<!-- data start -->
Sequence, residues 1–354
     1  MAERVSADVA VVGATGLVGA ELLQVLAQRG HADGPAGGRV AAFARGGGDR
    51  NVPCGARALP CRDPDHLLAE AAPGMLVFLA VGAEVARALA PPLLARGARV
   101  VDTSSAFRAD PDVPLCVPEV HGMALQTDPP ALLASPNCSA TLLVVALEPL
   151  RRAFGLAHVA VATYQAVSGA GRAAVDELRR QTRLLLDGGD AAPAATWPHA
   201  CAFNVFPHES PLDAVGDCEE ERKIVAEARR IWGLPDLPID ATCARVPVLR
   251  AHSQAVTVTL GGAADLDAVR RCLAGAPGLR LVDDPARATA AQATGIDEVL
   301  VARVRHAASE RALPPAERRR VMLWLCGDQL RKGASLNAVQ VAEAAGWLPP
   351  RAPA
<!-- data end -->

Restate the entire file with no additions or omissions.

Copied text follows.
Sequence, residues 1–354
     1  MAERVSADVA VVGATGLVGA ELLQVLAQRG HADGPAGGRV AAFARGGGDR
    51  NVPCGARALP CRDPDHLLAE AAPGMLVFLA VGAEVARALA PPLLARGARV
   101  VDTSSAFRAD PDVPLCVPEV HGMALQTDPP ALLASPNCSA TLLVVALEPL
   151  RRAFGLAHVA VATYQAVSGA GRAAVDELRR QTRLLLDGGD AAPAATWPHA
   201  CAFNVFPHES PLDAVGDCEE ERKIVAEARR IWGLPDLPID ATCARVPVLR
   251  AHSQAVTVTL GGAADLDAVR RCLAGAPGLR LVDDPARATA AQATGIDEVL
   301  VARVRHAASE RALPPAERRR VMLWLCGDQL RKGASLNAVQ VAEAAGWLPP
   351  RAPA